London is bombarded with Italian bistros, Thai take-ways, and so much of the same that I have been rendered into a korma coma! I love to eat out, and I love to try new things. I especially like tapas because you get to titillate your taste buds with a variety of morsels. But I always try new places without a distorted subjective opinion, but with a willingly open and receptive palette.  So, after a quick walk from Waterloo station I, accompanied by my other half, venture into Assado, which is connected to the Hampton Hilton Hotel. The entrance is impressive with lots of interesting mosaic tiles and open spaces. The colour scheme with its light blue floors and brown leather chairs is an amazingly soothing and calming colour ensemble. We are eagerly greeted by a very casually dressed waiter, in a t-shirt and dark jeans, a definite departure from the stoic Harvey Nichols all-black attired shop assistant, which more pretentious restaurant staff have become a casualty of.   We are then escorted to a raised booth, which I really appreciate. It not only provides us with a view over the restaurant, but also a welcome sense of privacy. Much better than those communal tables I’ve been subjected to in certain other restaurants. I can now relax and enjoy my surroundings whilst eagerly awaiting the impending menu.

Now in their eagerness to please the staff presented the food menu without consulting me if I would like a drink, but I will over look trivial details. When presented with very eclectic selection of starters I was really pretty clueless about what to choose. The interesting thing was that at this point I still did not know the origins of this restaurant; the other half wasn’t so ignorant. Taking the waitress’s advice, we decided to start with the chef’s platter; a selection of their most popular starters. And I have to say I was NOT disappointed.   It was presented on a wooden platter with scrumptious samples; my favourite being the beef croquettes.   The other half was blown away by the chick pea xacutti. And then it dawned on me what this restaurant was all about. It was a marvellous fusion of Portuguese and Indian cuisine.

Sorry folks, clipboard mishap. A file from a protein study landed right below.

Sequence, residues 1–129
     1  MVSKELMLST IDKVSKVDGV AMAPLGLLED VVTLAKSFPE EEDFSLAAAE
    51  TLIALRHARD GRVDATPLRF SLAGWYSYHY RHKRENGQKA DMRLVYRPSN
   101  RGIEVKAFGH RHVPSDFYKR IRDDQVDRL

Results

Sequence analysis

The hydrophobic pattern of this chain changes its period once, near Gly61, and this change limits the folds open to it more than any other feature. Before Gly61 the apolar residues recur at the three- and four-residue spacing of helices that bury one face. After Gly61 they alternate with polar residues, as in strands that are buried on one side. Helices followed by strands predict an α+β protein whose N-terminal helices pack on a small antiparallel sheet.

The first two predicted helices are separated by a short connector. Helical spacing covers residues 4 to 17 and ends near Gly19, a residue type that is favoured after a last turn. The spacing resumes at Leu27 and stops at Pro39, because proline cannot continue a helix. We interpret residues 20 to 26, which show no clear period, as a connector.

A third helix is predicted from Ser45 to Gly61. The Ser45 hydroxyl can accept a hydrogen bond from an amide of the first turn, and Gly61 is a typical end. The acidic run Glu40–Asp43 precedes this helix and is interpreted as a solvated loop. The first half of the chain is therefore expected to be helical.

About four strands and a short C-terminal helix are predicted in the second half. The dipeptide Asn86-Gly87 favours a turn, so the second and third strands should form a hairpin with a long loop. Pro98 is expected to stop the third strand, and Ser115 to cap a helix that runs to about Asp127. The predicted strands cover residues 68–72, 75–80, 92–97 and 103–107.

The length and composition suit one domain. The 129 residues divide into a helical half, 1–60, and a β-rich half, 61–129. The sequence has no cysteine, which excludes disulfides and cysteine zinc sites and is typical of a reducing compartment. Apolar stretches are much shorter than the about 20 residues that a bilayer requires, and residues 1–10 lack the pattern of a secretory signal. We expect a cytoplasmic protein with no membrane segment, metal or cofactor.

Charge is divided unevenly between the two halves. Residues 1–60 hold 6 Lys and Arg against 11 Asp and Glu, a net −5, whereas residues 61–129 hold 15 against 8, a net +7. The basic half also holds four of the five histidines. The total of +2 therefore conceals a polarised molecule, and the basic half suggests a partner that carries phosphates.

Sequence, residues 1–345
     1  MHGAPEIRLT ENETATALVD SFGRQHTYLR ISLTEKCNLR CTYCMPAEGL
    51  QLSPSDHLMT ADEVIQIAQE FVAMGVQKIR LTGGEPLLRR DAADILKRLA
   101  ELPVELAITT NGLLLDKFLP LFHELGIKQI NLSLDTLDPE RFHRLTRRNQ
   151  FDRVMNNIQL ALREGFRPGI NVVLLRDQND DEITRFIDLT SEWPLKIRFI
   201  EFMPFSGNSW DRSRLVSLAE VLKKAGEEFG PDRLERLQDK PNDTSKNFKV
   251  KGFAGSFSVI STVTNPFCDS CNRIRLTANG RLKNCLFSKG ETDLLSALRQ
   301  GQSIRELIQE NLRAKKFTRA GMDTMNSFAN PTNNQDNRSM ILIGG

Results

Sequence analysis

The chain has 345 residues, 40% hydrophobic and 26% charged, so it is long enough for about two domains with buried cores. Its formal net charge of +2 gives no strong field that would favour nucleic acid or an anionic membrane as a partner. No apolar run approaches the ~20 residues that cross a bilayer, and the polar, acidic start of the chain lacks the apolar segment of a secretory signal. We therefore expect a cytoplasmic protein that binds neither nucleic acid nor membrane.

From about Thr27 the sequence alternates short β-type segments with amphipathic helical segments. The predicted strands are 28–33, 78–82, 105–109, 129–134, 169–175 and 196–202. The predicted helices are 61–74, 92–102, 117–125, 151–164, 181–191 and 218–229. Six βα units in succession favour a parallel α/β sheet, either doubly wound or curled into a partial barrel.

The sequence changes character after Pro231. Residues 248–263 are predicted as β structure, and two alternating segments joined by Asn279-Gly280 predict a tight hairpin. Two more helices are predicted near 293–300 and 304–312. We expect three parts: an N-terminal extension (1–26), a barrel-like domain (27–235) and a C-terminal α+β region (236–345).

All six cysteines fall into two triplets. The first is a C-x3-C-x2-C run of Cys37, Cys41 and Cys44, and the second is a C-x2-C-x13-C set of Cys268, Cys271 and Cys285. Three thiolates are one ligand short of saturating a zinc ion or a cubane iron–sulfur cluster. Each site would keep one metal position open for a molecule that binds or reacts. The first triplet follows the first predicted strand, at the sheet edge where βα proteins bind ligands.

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The wine I chose was suited the food perfectly. If your preference is a light fruity wine, then you cannot go wrong with the Tavedo White. If you prefer a more full-bodied wine, then the House Red will more than suffice.

Though I may not be able to advise on wine, my taste buds are indubitably proficient. I had half a roast chicken, covered in a soya, ginger, rosemary and honey marinade – an utter taste bud extravaganza! You have rarely seen half a chicken devoured with such gusto. The other half opted for the lamb xacutti –probably the most complex of Goan curries and containing 21 ingredients. It exceeded expectations. Combining all those ingredients in a flavoursome whole takes skill and experience, and thus the dinner’s taste buds are transported on an astonishing culinary adventure.

But despite these delectable dishes, it was dessert that surprised most. I had to have two puddings; Bebinca – a Goan-style pancake made with a coconut milk based batter and flavoured with nutmeg, followed by the saffron crème brûlée. Now I once posted on Facebook, after a week of al la carte restaurants, that “one is bored of crème brûlée”. This, however, is one crème brûlée from whose velvety texture I could never tire from. The other half, after much deliberation, settled on the honey and saffron kulfi – a perfect ending to a flavoursome evening.

Verdict. It’s simple, I like the location and the the food speaks for itself. Assado’s celebrated Parsee chef, Cyrus Todwala, has taken the mundane and familiar, and has spectacularly transformed it into a culinary revelation! So, if you are tired of Thai, in a coma from korma, or indifferent to Italian, then here is your curative cuisine; Assado! Vamos Vamos Vamos!


157 Waterloo Rd, London SE1 8XA

Heart London 5 * Rating

Décor 5

Food 5

Drinks 4

Service 4

Atmosphere 4

Darren, Heart London Magazine